A House In The Trees: Part I

My wife and I have three (3) sons, ages 7, 7 and 3. They destroy a room in a matter of minutes when they “play.” Luckily, the basement is finished and serves as a playroom. We can shut the door and the mess goes away. Unfortunately, the noise doesn’t go away. Since the weather turned last fall, we’ve been eagerly awaiting the day when we can send them outside to play. As an incentive to get out of the house, we decided that it was time to build the tree house.

When she thought it was time to start building, my wife brought the Black & Decker The Complete Guide: Build Your Kids a Treehouse home from the library. I went through it with a slight skepticism. I can’t say I’d trust a Black & Decker branded book to be all that good at any topic. While I feel my initial skepticism stands regarding the book’s production values, I was pleasantly surprised by the book’s technical information, especially its section on attaching to the trees.

I knew that when attaching to the trees it would be important to properly support the tree house, not kill the tree and allow tree house and tree to move independent of each other. The Platform Ancoring Techniques section was fantastic. It reviewed the entire anchoring process. After reviewing the section multiple times, I thought the solution would be the commercially available Garnier Limb anchors they mention. Unfortunately, when the anchor and associated bracket are priced out, it comes to $125.00 per attachment point (plus the special drill bit you need to rent or buy). This was more than we were willing to spend, so I set about building my own.

The Garnier Limb from treehouses.com
Since I couldn’t source such big bolts at the local hardware store, I began by ordering some ¾” x 10” galvanized lag bolts from McMaster-Carr. In order to transform these into homemade Garnier Limbs, I added two (2) galvanized washers and a length of ¾” galvanized pipe between them. After they were assembled, I think the homemade bolts came out pretty well.
The 3/4" x 10" galvanized bolt.

The washers and 3/4" galvanized pipe ferrule installed to form my
homemade mounting bolt.
I'm using commercially available post straps from Home Depot as the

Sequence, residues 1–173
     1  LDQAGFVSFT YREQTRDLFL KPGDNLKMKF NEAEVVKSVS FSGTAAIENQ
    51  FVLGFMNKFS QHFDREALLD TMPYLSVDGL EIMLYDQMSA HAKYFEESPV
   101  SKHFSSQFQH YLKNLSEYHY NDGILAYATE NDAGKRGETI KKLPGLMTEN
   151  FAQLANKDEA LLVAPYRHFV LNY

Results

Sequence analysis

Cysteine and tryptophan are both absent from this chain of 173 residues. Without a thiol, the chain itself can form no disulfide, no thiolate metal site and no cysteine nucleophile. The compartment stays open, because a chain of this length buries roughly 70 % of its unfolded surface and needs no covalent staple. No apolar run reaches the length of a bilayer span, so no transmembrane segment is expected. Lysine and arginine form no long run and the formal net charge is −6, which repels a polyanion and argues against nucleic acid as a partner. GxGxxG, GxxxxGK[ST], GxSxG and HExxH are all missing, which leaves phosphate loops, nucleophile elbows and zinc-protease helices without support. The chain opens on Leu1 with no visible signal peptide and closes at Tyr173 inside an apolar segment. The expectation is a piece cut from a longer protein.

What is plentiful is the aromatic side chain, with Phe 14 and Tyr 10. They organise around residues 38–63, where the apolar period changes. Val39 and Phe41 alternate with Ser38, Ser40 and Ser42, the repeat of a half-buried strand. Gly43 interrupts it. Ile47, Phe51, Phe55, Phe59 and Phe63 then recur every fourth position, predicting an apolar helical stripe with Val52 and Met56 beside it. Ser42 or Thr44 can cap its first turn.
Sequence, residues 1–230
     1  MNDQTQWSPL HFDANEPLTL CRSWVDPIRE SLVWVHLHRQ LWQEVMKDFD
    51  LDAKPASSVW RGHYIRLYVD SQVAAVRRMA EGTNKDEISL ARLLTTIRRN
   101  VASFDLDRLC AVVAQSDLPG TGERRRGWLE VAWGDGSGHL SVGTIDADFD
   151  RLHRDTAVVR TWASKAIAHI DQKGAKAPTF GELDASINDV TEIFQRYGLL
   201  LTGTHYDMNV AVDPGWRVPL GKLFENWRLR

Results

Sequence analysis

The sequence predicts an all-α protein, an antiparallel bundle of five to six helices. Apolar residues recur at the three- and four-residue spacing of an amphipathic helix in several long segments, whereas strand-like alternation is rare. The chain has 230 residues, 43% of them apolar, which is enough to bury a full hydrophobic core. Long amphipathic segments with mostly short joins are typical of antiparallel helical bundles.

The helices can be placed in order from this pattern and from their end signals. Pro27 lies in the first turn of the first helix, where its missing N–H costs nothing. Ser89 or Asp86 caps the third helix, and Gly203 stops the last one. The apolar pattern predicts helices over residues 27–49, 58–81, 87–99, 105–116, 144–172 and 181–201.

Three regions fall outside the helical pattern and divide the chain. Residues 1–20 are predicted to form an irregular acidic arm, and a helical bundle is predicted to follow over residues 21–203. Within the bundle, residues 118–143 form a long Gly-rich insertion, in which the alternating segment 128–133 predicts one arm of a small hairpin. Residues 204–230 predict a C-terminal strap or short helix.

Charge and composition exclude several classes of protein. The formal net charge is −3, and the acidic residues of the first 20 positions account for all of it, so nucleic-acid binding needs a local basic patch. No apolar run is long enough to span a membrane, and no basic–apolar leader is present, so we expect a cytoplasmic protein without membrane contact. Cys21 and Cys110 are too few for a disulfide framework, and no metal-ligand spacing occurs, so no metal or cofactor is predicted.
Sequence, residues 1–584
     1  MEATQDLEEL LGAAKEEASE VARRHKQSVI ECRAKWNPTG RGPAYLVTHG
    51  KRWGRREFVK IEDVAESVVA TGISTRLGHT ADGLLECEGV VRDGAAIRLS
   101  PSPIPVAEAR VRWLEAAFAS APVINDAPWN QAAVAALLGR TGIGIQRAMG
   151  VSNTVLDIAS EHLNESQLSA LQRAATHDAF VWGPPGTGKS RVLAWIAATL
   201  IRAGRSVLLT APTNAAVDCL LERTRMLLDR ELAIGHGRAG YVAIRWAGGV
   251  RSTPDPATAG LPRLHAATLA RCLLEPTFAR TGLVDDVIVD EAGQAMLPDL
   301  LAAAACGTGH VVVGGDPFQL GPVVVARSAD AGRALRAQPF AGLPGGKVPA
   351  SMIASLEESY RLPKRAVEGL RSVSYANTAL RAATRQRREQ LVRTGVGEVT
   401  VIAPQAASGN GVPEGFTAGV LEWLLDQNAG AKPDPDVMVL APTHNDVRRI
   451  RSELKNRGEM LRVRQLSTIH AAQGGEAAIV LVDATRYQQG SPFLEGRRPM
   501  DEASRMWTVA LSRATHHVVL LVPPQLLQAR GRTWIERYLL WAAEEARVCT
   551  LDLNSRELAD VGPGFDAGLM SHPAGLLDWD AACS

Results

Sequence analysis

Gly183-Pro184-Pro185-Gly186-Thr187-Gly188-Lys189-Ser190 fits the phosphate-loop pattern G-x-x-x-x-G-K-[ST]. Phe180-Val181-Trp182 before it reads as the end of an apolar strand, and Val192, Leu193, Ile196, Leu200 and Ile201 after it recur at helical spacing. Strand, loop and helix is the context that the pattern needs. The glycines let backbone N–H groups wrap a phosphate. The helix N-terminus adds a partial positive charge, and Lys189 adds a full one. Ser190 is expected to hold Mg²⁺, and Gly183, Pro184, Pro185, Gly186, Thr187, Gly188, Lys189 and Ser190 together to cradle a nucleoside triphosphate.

bracket that will attach the joist to the mounting bolt while allowing
bi-directional movement.
Before installing the bolts, I glues together double 2x8 joists to form the perimeter of the platform. One laminated joist each at 10’, 12’ and 16’ long.
Gluing the joists.
In order to install them, I first picked and marked a height on the first tree (I was not particular about the exact height, as long as I could walk under the tree house). Using my right angle drill and a 9/16” auger bit, the 6” deep hole was easy.
This drill is one of my absolute favorite tools.
Then I set up my laser level and transferred the height to the remaining two (2) trees. Since it was getting late I decided to drill the second hole in the first tree and see if I could get the anchors installed. After drilling the second hole just like the first, I started ratcheting in the bolt.
That's as far in as I could get, using a 9/16" pilot hole.
It was about 2” in to ratcheting in that first bold that I realized a 9/16” clearance hole was too damn small for a ¾” bolt. I drilled out both holes to ⅝” and both bolts when in like champs.
Finally, a rock solid anchor bolt.
With the joists glued up, the first two (2) bolts in and the other trees marked I called it a night. More tree house building to come. In the mean time, here's a quick video showing the bi-directional movement of the mounting bracket system I'm using.


Dyami Plotketree house